Chiyo-ni’s most prolific period as a poet and artist was in later life. She published two collections of her own poems, contributed to more than 120 anthologies, and was even asked by Yosa Buson (1716-1784) – often cited as one of the four primary masters of haiku – to write the foreword to one of his collections. 

In 1763, at the age of sixty-one, she was commissioned by the daimyō, a samurai by the name of Lord Maeda of Kaga, to brush twenty-one of her poems on scrolls and fans to be included as gifts from the Tokugawa government to Korea.

There are many facets of Chiyo-ni’s life that are notable. At a time when women had few rights in Japan, and haiku was considered primarily a male poetic form, Chiyo-ni distinguished herself and was considered an equal by many male haijin (haiku poets). She also actively cultivated a community of female haiku poets that included prostitutes, the daughters of both samurai and merchants as well as other Buddhist nuns.

Let’s turn our attention to a few curated verses of Chiyo-ni:

one mountain after another

unveiled —

the first mists

cool breeze —

enclosed in my kimono sleeves

til falling asleep

flying cranes

as high as the clouds —

first sunrise

airing out kimonos

as well as her heart

is never enough

New Year’s sake —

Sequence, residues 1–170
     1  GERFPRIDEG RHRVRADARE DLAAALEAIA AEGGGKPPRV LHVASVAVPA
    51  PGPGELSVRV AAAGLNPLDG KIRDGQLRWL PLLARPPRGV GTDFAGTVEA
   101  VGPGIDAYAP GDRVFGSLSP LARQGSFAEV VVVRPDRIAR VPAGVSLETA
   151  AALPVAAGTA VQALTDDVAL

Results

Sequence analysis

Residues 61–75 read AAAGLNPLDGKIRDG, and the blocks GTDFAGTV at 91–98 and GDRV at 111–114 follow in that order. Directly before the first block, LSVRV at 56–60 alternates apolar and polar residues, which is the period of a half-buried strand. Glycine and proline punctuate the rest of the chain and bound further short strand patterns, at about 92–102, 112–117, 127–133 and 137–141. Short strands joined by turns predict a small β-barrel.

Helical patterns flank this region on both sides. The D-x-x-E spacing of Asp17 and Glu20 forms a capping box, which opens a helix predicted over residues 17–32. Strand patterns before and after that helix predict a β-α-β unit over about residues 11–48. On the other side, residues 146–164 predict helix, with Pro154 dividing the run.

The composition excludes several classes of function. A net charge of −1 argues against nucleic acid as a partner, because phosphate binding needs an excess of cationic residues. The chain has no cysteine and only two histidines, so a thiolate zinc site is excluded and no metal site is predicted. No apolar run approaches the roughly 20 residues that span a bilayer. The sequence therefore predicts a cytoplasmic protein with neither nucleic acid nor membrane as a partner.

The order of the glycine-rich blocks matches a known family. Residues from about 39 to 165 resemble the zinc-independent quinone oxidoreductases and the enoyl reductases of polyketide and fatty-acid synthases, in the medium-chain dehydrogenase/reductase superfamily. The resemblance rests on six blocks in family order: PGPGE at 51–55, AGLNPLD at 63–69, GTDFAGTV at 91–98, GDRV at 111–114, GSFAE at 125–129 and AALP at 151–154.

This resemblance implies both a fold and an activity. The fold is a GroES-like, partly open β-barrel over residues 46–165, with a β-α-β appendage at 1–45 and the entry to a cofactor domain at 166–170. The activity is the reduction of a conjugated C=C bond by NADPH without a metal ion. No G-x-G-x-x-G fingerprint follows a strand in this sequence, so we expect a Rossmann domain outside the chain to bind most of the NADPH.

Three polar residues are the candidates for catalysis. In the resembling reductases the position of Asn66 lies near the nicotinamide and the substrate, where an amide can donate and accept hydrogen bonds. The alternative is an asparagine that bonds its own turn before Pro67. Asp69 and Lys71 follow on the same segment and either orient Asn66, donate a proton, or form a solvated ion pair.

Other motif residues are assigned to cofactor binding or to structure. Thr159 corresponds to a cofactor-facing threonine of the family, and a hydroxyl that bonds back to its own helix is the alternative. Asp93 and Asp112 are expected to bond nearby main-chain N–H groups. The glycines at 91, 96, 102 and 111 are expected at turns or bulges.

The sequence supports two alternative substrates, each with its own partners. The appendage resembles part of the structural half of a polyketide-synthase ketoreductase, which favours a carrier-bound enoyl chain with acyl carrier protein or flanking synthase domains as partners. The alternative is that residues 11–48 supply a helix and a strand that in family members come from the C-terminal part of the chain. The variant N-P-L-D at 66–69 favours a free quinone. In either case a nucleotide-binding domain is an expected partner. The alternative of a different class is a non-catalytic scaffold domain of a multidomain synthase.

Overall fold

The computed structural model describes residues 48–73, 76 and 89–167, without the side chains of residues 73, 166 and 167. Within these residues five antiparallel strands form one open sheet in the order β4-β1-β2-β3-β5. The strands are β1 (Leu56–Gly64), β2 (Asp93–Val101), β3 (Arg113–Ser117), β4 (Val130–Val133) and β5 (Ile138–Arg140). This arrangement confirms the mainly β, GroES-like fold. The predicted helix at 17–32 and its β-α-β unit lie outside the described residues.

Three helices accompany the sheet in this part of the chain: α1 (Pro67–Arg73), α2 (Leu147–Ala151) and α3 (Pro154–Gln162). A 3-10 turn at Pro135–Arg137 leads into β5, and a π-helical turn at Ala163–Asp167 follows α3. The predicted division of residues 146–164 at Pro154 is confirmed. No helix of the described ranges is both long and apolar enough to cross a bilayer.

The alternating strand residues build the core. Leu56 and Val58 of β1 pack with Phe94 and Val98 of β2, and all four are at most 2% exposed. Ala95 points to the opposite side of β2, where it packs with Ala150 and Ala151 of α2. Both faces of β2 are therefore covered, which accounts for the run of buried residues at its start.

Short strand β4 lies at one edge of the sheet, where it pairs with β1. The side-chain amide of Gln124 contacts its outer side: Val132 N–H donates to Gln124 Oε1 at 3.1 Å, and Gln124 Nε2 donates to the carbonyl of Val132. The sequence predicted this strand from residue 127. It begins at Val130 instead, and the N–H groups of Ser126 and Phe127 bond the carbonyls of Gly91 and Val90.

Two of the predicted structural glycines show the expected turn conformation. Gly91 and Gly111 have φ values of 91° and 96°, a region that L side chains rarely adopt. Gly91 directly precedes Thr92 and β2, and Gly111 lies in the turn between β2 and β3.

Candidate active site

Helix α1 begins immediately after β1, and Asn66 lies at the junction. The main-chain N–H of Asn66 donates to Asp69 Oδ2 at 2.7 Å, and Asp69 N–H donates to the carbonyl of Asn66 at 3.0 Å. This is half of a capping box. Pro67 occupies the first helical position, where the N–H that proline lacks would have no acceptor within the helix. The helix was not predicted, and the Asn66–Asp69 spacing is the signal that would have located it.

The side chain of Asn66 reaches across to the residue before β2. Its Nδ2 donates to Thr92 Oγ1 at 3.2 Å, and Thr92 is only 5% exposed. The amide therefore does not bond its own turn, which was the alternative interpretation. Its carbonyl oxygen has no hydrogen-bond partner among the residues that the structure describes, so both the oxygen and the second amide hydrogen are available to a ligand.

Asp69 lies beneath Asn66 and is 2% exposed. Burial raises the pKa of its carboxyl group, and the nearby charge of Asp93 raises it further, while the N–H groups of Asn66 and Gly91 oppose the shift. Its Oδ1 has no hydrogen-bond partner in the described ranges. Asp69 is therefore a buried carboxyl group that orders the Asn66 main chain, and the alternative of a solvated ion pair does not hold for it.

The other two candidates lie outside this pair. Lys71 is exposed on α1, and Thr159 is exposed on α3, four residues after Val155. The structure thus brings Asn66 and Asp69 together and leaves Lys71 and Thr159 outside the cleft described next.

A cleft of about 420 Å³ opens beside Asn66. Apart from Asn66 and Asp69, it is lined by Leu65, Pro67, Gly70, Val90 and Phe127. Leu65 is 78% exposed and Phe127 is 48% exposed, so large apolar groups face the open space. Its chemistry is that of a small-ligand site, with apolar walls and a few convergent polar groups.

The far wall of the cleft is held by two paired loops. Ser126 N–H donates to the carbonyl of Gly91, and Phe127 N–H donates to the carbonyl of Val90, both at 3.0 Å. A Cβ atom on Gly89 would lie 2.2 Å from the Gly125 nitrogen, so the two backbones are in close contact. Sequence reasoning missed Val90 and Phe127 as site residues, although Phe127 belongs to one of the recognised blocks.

until the next

this first delight


the beauty

of hidden things

plum flower scent

where has the snow woman’s

ghost blown to?

sound of the waterfall

diminishes in the peaks —

cicadas’ voices

among a field

of horsetail weeds —

temple ruins

even the butterfly

voiceless —

Buddhist service

touching the fishing line —

the summer moon


is left

in the maple leaves

at the crescent moon

the silence

enters the heart

a hundred gourds

from the heart

of one vine

autumn field —

some grasses flower

some grasses don’t

full moon —

keeping it in my eyes

on a distant walk

over the flowing water

chasing its shadow —

the dragonfly

one must bend

in the floating world —

snow on the bamboo

unfinished dream —

a chrysanthemum blooms

in the tatami room

And, at the end of her life, she wrote two final haiku as her jisei (death-poems):

I also saw the moon

and so I say goodbye

to this world

clear water is cool

fireflies vanish —

there’s nothing more

Though it is out-of-print and hard to find as a used book for less than $100, if you’re interested in exploring more about the life of Chiyo-ni, the flagship study of her life and poetry in English is CHIYO-NI: Woman Haiku Master by Patricia Donegan and Yoshie Ishibashi.

Thanks for stopping by The Poet’s Dreamingbody. We still have a few more Wayfaring Poet Profiles ahead such as Rengetsu (Lotus Moon), Ryōkan, and Saigyō, but I’m going to be taking a bit of a break from this space. The Spirit of Autumn is calling for silence and stillness. Until we meet again, I wish you and yours well.


In the Silence of the Subconscious by Moss Garden

The Poet's Dreamingbody

The Poet's Dreamingbody

an exploration of Wayfaring, ancient and modern